Akron native Everett Stonebraker grew up during the heady days of the space race between the United States and Soviet Union.
From his home on Redwood Avenue, he would watch the skies for a glimpse of America’s Echo I, a 100-foot-diameter balloon satellite launched in August 1960 that was used to test radio and radar communications.
"You could see it flashing on and off," Stonebraker said.
It was the spark that set off a brief and unforgettable engagement in space flight history.
“It started when my dad told me about the Sputnik,” Stonebraker said. “I remember going outside in the yard and seeing Echo and I was wondering how that happened.”
Later, like thousands of children across the U.S., he launched his own rockets. He and other children would fire them off on Castle Boulevard near Litchfield School. Still later, he went to the same high school class as astronaut Judith Resnik, who died in the shuttle Challenger explosion on Jan. 28, 1986.
Unlike most of the other young model rocket enthusiasts, however, Stonebraker went on to play a role in the real rockets of NASA — the ones that launched satellites into space.
And as luck would have it, he worked on the Apollo program, including Apollo 11, the mission that landed humans on the moon 50 years ago.
As a student at the Georgia Institute of Technology, Stonebraker needed to find a co-op job. He wanted one near south central Tennessee, where his family had a vacation home. But a job came through at IBM in Huntsville, Alabama, near NASA’s Marshall Space Flight Center. There, Stonebraker’s brush with history began.
“IBM had the contract for a device called the instrument unit, the brains of the Saturn V,” Stonebraker said. “It was a 3-foot-high ring, 22 feet wide.”
At launch, the ring was positioned above the second stage at the 300-foot level of the massive rocket, packed with computers, sensors, and telemetry and signaling equipment.
The unit sat under the lunar excursion module, riding with it until the third stage fired to enter the moon’s orbit. The unit then dropped off, burning up in Earth’s atmosphere. Until then, it provided vital telemetry to Mission Control.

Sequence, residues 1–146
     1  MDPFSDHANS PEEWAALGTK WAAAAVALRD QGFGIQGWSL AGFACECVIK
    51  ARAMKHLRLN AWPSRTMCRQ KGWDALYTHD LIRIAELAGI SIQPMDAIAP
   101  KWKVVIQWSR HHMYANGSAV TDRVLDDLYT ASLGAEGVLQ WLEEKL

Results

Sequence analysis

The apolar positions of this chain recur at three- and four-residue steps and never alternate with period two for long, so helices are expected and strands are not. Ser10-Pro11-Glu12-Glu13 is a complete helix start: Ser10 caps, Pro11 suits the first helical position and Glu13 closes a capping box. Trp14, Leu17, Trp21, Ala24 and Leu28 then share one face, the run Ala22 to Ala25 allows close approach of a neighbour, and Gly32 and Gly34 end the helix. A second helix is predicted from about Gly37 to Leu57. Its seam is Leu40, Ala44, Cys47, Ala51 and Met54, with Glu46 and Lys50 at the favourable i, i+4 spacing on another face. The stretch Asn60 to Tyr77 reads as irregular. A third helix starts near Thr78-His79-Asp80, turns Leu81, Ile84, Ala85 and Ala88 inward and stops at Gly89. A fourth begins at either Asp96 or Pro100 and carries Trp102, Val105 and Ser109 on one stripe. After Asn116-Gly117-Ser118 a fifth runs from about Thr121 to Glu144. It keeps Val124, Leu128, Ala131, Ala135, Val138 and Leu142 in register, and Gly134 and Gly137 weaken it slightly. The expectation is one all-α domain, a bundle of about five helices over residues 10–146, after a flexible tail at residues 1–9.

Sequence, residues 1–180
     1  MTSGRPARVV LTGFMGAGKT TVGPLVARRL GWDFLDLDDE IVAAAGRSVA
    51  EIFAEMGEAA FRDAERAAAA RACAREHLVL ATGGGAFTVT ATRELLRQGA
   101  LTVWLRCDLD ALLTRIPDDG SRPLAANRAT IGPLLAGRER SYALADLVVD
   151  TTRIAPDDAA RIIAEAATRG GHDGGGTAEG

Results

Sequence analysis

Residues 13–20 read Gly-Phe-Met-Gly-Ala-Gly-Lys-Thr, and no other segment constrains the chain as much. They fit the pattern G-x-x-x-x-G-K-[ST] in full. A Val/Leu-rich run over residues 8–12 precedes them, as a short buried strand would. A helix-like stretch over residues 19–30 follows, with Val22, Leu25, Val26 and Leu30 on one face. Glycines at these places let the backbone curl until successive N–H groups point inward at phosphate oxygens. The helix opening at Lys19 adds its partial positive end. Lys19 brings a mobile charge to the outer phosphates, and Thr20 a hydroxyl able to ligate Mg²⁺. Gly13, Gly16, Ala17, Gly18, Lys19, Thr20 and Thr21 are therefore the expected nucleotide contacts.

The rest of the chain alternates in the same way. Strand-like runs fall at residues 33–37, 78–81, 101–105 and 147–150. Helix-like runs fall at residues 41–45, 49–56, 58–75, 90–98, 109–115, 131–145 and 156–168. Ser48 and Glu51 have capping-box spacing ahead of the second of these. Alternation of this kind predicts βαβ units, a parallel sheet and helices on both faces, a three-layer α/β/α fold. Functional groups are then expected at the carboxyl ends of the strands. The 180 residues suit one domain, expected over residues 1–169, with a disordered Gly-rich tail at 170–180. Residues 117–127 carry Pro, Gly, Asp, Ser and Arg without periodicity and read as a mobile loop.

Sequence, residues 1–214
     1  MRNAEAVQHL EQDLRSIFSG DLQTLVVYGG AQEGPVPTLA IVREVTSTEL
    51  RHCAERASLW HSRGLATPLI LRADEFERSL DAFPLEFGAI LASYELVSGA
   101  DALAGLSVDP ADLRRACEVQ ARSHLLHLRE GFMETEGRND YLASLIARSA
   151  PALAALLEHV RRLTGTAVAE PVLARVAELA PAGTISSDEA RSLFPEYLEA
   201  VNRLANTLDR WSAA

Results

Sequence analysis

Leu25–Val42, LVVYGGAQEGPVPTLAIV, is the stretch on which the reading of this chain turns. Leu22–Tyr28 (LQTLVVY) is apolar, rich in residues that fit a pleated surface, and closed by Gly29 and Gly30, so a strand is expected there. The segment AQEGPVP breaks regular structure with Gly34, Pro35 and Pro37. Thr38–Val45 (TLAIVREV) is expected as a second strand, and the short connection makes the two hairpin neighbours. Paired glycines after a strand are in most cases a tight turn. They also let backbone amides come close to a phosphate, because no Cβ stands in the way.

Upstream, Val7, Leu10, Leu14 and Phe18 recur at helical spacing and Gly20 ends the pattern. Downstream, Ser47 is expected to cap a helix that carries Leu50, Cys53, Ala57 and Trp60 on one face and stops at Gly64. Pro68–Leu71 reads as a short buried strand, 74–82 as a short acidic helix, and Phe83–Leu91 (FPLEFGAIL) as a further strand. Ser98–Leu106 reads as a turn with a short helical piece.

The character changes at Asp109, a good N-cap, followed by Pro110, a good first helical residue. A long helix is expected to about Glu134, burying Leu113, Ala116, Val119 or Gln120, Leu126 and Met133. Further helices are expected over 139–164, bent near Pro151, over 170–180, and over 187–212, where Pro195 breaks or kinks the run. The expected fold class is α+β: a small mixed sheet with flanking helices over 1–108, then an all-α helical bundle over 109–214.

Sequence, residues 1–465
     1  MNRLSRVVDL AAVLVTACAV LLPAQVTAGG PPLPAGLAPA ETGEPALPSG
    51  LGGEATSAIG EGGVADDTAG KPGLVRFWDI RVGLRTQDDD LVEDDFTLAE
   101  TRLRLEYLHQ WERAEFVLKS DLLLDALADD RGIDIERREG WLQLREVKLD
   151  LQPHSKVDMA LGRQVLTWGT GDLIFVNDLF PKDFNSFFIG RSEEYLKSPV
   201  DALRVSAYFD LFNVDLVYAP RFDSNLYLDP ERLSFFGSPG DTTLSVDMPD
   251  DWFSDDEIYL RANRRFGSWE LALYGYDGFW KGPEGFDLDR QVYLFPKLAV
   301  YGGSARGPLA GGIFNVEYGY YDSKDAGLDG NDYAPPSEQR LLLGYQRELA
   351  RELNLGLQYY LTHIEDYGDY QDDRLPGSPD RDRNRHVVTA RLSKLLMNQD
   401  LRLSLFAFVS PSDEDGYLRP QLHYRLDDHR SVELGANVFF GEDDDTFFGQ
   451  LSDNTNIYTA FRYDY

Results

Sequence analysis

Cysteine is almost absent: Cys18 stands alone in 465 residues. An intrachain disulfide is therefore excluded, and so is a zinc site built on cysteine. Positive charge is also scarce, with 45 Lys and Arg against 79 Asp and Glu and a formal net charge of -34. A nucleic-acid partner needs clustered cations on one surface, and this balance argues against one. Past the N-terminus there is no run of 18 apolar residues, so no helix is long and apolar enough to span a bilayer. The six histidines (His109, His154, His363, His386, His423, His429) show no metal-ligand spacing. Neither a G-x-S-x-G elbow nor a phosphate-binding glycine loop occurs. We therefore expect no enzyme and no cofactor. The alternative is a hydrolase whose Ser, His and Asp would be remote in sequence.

Stonebraker’s connection to the Apollo program didn’t end there. He stayed with IBM to co-op two other semesters.
During one semester, he ran fight simulation programs based on equations given to IBM.
“I would have to rewrite the program,” he said. “It turned out on the first mission, Apollo 8, it was within 32 minutes out of an eight-day mission. I did that for Apollo 8 and 11.”
The simulations were run on old IBM computers that took hours to process the input.
“They had a computer room that was as big as a house,” Stonebraker said. “We put the data in in the morning and hoped we would get a result by evening.”
In another co-op semester, Stonebraker worked on calculating the placement of ships that would retrieve the moon return capsule.
A half-century later, Stonebraker lives in Florida and is still overwhelmed by the size of the Saturn V rocket, which was about 363 feet tall — 60 feet taller than the Statue of Liberty.
“It’s incredible how big it is,” Stonebraker said. “It’s so huge, it’s a huge rocket. You walk in to the Cape [Kennedy], see the lower end of the Saturn V and it’s amazing how big it is.”
An estimated 1 out of every 6 people on the planet watched the moon landing on July 20, 1969, but interest in the program dwindled. By Stonebraker’s final co-op semester, the program was coming to an end.
“My last co-op quarter there, there was controversy about the space program,” he said. “So they ended up canceling the rest of the Apollo moon program.”
Apollo 17 was the last moon mission, landing on Dec. 7, 1972.
America and Stonebraker moved on.
After college, he worked for a time with a couple of airlines. He then ran the telecommunications department of Florida Power and Light for 28 years.
He retired in 2002, but remains active doing consulting and multifamily real estate investment.
The space program, too, changed direction. Since the final moon mission, America’s human space flight efforts have been confined to the International Space Station in low Earth orbit.
After Stonebraker’s classmate Resnik died in the Challenger explosion, NASA withdrew even more.
The exhilarating era when the agency sent men to the moon with less computing power than today’s Ford Focus became a distant memory.
Alan Ashworth can be reached at 330-996-3859 or emailed at firstname.lastname@example.org. Follow him on Twitter at @newsalanbeaconjournal.